Back to Exams

Well here I am, back in my office at Maynooth University, although I wish I could say the same about the heating. The Christmas closure officially ended yesterday (3rd January) but there are very few people about today and no heating in my office. I doubt there will be anywhere open to get lunch later, either. And did I mention there’s no heating?

We have a short hiatus between now and Friday 11th January in advance of the start of the examination period, during which I plan to try to finish off a few papers that I failed to complete over the holiday. As it happens, my examination on Astrology Astrophysics & Cosmetics Cosmology is one of the first, next Friday morning. No doubt I’ll get more than a few inquiries from students between now and then.

I’ll actually be in London next Friday when the examination takes place, as I’m giving the closing keynote talk at the annual LGBT Steminar which this year takes place at the brand new IOP Building in King’s Cross. I’m looking forward to that, but have no idea what I’m going to talk about.

Anyway, back to the topic of examinations, I noticed a piece in the Irish Times a few days ago concerning the fact that the proportion of First and Upper-Second Class degrees awarded by Irish universities has increased. The same thing has happened in the UK recently too.

Responses to this from most media pundits have generally been to accuse universities of `dumbing down’ their examinations. Responses from university staff, on the other hand, have included complaints that they are being forced by senior management to inflate grades awarded to students. All I can say to the latter is that I’ve never experienced, at any University I’ve ever worked in, even as a Head of School, any pressure whatsoever to increase the grades for any category of student in any course. That’s not to say that it doesn’t happen anywwhere. I just don’t know. I just say I’ve no experience of it happening.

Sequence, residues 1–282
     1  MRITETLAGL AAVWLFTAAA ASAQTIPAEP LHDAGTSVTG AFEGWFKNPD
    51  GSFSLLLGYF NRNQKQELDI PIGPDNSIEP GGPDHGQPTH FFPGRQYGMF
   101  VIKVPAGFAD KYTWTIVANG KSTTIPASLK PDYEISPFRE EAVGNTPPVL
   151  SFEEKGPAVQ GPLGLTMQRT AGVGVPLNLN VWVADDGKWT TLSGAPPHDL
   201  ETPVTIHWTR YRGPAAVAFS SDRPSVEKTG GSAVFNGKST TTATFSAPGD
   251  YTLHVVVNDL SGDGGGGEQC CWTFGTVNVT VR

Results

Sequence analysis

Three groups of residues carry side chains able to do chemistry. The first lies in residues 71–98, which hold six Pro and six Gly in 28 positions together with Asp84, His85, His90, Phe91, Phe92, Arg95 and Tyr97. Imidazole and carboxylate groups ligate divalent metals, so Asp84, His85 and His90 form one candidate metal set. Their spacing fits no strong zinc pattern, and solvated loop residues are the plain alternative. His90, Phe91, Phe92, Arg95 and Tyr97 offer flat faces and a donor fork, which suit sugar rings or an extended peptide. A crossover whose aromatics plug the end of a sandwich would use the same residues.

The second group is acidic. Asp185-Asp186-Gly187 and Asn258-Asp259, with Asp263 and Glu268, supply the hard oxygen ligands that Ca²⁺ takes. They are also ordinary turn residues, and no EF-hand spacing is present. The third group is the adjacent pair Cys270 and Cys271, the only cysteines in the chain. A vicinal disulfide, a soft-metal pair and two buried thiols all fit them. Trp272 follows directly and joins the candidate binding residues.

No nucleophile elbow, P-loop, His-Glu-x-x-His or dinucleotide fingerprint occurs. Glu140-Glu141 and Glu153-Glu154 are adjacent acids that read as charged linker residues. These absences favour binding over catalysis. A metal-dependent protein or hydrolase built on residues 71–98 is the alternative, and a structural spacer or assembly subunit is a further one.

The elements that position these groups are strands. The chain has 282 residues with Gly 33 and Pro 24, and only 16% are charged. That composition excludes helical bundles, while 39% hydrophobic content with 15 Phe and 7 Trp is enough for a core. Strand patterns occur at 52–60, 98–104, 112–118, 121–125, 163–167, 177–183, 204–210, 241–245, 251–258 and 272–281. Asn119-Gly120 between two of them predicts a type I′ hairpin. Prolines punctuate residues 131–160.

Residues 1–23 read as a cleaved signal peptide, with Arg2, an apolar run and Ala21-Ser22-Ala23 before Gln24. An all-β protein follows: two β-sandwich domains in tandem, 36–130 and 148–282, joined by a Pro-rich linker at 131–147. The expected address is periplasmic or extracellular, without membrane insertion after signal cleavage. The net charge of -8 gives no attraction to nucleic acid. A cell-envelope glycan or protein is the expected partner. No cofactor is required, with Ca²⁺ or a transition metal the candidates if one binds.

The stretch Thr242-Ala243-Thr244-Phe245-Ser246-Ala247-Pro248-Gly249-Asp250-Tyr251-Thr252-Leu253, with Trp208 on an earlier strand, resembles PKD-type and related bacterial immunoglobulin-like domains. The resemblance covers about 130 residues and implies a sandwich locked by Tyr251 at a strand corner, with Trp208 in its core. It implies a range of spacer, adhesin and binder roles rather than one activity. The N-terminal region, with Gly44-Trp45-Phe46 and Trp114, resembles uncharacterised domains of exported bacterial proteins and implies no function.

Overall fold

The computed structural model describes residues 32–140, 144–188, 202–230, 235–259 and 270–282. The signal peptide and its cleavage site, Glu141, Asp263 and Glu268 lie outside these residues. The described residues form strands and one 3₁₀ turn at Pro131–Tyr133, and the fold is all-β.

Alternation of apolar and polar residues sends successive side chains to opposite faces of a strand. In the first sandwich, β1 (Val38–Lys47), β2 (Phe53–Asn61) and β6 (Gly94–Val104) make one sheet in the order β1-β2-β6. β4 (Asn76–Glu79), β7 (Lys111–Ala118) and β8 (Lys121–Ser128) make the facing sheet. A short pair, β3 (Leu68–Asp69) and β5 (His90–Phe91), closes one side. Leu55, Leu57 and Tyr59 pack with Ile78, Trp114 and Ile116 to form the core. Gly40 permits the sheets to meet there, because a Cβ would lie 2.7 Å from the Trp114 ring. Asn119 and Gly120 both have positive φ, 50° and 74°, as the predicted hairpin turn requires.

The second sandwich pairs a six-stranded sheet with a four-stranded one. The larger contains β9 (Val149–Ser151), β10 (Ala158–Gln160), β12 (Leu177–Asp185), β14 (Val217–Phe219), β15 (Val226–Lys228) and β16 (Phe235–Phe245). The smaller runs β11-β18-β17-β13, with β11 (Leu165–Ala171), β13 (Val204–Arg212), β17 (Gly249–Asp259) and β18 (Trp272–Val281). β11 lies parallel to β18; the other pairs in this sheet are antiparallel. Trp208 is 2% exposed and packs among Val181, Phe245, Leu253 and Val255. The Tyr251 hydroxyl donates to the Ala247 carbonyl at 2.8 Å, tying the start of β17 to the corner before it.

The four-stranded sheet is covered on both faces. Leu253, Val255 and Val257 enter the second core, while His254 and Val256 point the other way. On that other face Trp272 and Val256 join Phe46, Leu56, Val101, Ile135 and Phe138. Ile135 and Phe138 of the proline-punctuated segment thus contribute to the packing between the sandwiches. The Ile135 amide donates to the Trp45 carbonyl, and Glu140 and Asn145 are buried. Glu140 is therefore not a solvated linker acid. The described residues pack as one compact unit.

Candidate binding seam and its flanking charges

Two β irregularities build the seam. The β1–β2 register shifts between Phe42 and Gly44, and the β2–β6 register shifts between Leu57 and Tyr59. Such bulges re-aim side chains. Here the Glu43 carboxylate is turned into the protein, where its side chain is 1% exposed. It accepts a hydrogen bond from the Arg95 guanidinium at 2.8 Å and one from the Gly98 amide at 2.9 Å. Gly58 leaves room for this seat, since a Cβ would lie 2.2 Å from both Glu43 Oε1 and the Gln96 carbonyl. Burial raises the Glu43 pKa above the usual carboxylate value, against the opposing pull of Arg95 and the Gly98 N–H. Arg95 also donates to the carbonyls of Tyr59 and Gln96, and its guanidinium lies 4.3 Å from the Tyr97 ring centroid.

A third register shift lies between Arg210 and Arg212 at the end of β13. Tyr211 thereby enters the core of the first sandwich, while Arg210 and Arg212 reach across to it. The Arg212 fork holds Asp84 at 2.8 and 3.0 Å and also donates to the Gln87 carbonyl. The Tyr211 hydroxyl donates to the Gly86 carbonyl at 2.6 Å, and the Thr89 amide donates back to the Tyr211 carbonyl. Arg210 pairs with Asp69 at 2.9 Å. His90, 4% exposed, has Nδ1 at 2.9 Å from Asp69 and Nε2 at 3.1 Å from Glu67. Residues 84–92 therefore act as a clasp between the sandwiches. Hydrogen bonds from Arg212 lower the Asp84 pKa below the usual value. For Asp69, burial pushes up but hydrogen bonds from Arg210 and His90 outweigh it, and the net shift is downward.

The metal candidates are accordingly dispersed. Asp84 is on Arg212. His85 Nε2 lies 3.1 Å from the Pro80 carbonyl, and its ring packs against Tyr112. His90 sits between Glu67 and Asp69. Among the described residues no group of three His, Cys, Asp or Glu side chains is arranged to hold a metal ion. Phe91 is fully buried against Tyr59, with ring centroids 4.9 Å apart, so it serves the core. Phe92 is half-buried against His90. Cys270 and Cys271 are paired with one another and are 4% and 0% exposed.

I would like to say to those who jump to conclusion that universities are making it easier for students to get high grades by lowering standards is to set aside your prior prejudice and imagine, for the sake of argument, that universities are actually getting better at teaching students. How would that improvement manifest itself in the proportion of students awarded 1st and 2.1 degrees?

The answer to that question is that the proportion of good degrees would increase. One can’t therefore argue on that evidence alone whether examinations are being made easier or teaching is getting better (or indeed that students find examinations easier because they are better taught). In other words, the assumption that it’s all about dumbing down, is based on something other than the grade award data. If you have other evidence, that’s fine. Let’s hear it.

What I have seen is better training for teaching staff, better facilities for studying, and (yes) more motivated students. Given all that, why would you not expect students to get better results?

3 Responses to “Back to Exams”

  1. Paul Stevenson Says:

    I work at a University which has been particularly highlighted as having a marked increase in first and upper second class degrees. I can state that we have received no instructions to do any kind of dumbing down.

    As well as the positive things you list, I can add an improvement of pastoral care, which I think it sector-wide, and has positive consequences for degree outcome. In our case, the A-level grades of our intake has also improved quite a bit, and that has led to better degrees, too.

    I would argue that exams can hardly be getting any easier if the prime source of new exam questions is past exam questions, but of course that isn’t the case, so I couldn’t argue that.

  2. Thanks for making this important point, Peter. I’ve run an “experiment” for the last few years with my 1st year tutorial groups in Nottingham where I’ve asked them to attempt an exam paper from 2001:

  3. Jonathan Thornburg Says:

    Other possible explanations (not mutually exclusive) include
    * better pre-university teaching
    * time-dependent selection effects from lower-performing students now being less likely to enter university than in the past

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